Ohio drivers should soon start seeing traffic cones and roadwork signs, thanks to the recently passed Ohio gas tax increase. This small increase, which will cost the average Ohio driver less than $55 a year (depending on driving habits), is roughly equivalent to what one might spend on a daily cup of coffee for a couple of months.
This week, Ohio House and Senate Republicans agreed to increase Ohio’s 28-cent gas tax to 38.5 cents. The state’s tax on diesel fuel will increase by 19 cents, to 47 cents a gallon, and is set to take effect July 1. The legislation is expected to generate about $865 million more per year for road and bridge projects, fixing Ohio’s deteriorating roads and making the state’s bridges safer. This revenue will be split 55/45 between state and local government. The last time Ohio’s fuel taxes were increased was 2005.
The final amount is less than Governor Mike DeWine’s proposed 18-cent tax increase on gas, but higher than the 6-cent increase the Senate passed last month. However, the Governor is supportive of the compromise. Lawmakers missed Sunday evening’s deadline to approve a transportation budget, but this gas tax compromise ended multiple days of negotiations among legislative leaders and the Governor – then moving quickly through the House and Senate.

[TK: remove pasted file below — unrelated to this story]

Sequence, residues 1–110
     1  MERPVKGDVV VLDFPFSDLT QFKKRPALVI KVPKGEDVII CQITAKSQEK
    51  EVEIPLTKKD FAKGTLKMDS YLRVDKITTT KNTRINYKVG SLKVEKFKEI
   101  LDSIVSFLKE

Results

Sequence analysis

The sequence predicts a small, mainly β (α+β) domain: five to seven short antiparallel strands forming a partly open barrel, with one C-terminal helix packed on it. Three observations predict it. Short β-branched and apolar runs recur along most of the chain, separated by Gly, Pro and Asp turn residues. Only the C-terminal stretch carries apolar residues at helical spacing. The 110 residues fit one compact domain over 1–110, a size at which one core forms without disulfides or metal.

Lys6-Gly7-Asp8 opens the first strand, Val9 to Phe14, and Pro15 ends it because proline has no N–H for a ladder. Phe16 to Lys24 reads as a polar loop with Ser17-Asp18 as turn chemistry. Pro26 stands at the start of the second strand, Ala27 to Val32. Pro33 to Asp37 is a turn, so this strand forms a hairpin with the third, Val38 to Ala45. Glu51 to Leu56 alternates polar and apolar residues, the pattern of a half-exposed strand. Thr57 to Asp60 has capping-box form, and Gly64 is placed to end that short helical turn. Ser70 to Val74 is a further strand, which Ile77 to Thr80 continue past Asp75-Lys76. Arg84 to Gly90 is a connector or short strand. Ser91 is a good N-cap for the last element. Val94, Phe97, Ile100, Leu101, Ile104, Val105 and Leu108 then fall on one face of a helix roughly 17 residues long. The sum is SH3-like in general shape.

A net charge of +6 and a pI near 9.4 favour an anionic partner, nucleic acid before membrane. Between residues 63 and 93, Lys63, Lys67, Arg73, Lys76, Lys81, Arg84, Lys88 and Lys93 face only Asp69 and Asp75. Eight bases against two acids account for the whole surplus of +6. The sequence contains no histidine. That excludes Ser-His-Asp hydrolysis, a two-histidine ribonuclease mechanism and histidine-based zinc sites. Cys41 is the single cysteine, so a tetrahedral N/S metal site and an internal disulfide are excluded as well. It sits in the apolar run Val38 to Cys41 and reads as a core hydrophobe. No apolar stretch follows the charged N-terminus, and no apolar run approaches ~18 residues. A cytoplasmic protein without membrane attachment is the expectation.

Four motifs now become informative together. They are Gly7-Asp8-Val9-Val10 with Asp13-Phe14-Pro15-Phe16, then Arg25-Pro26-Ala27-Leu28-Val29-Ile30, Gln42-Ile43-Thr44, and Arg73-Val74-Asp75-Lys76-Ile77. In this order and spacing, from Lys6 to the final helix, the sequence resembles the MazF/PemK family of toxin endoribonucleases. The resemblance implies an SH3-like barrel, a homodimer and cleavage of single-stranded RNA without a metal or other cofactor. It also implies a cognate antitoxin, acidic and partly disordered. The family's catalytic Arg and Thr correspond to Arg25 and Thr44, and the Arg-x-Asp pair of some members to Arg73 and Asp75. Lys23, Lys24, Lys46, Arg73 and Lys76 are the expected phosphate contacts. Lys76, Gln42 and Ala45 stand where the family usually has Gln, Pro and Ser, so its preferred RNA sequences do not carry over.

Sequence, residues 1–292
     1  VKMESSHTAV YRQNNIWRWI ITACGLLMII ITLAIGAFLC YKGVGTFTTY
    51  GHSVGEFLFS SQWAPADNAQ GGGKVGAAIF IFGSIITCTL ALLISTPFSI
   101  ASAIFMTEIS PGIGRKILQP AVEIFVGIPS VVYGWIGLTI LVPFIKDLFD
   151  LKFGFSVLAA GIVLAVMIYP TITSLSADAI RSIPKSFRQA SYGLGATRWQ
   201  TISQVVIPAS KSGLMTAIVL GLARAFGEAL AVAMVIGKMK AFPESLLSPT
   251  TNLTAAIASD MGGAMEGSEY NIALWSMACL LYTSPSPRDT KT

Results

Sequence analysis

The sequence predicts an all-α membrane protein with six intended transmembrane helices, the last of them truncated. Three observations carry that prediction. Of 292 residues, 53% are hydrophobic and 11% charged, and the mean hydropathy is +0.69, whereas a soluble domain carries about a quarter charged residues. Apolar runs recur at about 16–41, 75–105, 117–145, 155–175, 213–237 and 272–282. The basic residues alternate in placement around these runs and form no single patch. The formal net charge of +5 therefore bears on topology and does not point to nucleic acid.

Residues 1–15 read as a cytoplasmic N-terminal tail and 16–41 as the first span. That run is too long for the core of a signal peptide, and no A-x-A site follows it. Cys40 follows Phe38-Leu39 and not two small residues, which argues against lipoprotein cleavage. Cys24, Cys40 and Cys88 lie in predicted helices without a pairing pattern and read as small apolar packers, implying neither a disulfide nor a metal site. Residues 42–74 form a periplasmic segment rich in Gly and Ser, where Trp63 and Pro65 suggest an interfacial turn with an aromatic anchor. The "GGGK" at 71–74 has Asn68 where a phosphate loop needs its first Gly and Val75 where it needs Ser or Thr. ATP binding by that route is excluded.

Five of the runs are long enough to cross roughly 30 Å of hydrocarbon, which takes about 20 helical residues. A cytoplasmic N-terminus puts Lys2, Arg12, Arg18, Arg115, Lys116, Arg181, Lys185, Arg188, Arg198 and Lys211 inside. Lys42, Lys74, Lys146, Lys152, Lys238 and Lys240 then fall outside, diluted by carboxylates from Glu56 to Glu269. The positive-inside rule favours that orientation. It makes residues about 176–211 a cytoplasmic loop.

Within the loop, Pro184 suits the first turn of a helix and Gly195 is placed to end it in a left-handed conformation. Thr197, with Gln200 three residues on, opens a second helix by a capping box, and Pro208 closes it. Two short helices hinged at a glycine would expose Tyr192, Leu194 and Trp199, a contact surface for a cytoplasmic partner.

Driving on roads in need of repair in Ohio costs each driver $475 per year, far more than the $55 cost of the gas tax increase, and 6.9% of bridges are rated structurally deficient. In February, ASCE released the Report Card for Northeast Ohio’s Infrastructure, which received a “D+,” meaning the region’s infrastructure is in poor condition. One of the recommendations was to increase the state gas and diesel taxes to pay for necessary road and bridge projects and ensure local governments receive adequate disbursements to maintain local surface transportation infrastructure.
ASCE’s Ohio Council worked closely with Fix Our Roads Ohio, and ASCE members are now encouraged to contact their legislators to thank them for committing to this additional investment in Ohio’s infrastructure.